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Asbestos in the Home: Where to Find It, What to Do About It, and Associated Health Risks

If your home was built between the 1940s and the 1980s, there's a very good chance that it contains asbestos. And if you're planning on doing any kind of renovation in your home today, you need to understand the health hazards associated with asbestos, as well as how to protect yourself from this toxic substance.

Asbestos is an organically occurring fibrous mineral, which has long been prized for its extreme ability to resist heat and fire, as well as its strength, durability, and flexibility. Since it can be woven into cloth or mixed with other materials to create building products, asbestos was widely used during the mid-20th century in a variety of commercial, residential, automotive and maritime applications. It was considered so useful, in fact, that at one time the United States military actually mandated its usage on Navy ships.

Unfortunately, asbestos has become known as a carcinogen. Its microscopic, needle-like fibers are easily inhaled when the material is damaged or crushed, and they can lead to devastating diseases such as mesothelioma—a cancer of the lining surrounding the bodily organs—lung cancer, asbestosis and pleural fibrosis. According to the EPA and OSHA, there is no safe level of asbestos exposure.

Most people, when they think about asbestos, think of insulation. Yet the material is used in many other places in the home, including door gaskets in furnaces, wood stoves or coal stoves; cement sheeting, millboard and paper used as insulation around furnaces and stoves; insulation for steam pipes, boilers and furnace ducts; cement roofing, shingles and siding; patching and joint compounds; textured paints; acoustical tiles used on the ceiling or walls; spray-on soundproofing or decorative material used on walls and ceilings; floor tiles, vinyl sheet flooring and floor tile backings and adhesives.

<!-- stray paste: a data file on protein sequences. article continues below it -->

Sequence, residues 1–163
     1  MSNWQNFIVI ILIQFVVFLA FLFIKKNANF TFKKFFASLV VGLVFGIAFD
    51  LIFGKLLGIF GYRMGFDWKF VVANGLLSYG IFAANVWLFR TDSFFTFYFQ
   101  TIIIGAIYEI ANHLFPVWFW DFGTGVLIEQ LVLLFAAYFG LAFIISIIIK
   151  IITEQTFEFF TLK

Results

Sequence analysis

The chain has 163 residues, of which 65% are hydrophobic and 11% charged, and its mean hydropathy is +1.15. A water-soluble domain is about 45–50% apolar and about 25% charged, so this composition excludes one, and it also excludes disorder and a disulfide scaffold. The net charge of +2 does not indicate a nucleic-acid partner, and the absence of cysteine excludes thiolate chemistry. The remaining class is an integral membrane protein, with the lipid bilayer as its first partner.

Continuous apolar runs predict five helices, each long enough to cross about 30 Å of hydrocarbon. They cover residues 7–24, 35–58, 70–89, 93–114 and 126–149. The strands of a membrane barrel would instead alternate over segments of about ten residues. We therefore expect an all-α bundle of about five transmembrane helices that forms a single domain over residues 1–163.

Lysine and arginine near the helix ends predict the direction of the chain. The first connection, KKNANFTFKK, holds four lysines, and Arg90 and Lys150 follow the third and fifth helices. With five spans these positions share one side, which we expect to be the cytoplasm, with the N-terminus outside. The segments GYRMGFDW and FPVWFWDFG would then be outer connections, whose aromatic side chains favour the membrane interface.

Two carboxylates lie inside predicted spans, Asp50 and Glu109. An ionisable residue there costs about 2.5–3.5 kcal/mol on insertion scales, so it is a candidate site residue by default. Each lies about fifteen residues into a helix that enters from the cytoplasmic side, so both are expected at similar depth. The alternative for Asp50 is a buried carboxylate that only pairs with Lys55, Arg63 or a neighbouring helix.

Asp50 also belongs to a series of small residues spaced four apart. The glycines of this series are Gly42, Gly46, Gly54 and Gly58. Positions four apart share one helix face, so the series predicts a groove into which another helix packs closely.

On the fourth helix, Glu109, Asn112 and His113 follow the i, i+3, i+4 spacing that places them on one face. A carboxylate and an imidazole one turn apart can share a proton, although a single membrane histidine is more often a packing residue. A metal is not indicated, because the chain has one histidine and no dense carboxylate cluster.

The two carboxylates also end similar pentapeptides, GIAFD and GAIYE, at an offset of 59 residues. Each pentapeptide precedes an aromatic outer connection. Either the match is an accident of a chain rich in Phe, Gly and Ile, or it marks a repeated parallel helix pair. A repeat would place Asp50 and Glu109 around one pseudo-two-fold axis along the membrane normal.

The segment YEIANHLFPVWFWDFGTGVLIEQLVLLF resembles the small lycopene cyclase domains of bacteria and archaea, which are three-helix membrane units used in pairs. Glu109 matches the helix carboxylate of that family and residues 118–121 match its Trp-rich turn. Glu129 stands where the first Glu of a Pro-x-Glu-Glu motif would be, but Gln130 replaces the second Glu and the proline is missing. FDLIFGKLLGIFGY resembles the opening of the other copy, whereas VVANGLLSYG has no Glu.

Because asbestos may lurk in many places, it is vital that you exercise caution when attempting a do-it-yourself home repair, construction or renovation project. First and foremost, if you know that asbestos exists in your home, it may be wise to leave its removal to the professionals. Asbestos abatement should be carried out by trained, qualified and well-equipped contractors. Even if you simply suspect the presence of asbestos, it is recommended that you have air samples taken by professionals.

Often, asbestos-containing materials are safe when they remain undisturbed. It's only when they become damaged that they pose a harm. If a material in your home—such as flooring—contains asbestos, you may consider installing new flooring over it instead of removing it. Likewise, you should avoid drilling, sawing, sanding, scraping, or brushing asbestos materials. If there is debris present that may contain asbestos—crumbling insulation or flood-damaged building materials, for example—do not attempt to sweep, vacuum, remove or clean the area. When in doubt, contact a trained asbestos abatement contractor to perform inspection and testing of your home. These professionals can advise you on proper renovation procedures in order to keep you and your family safe from the hazard of asbestos.

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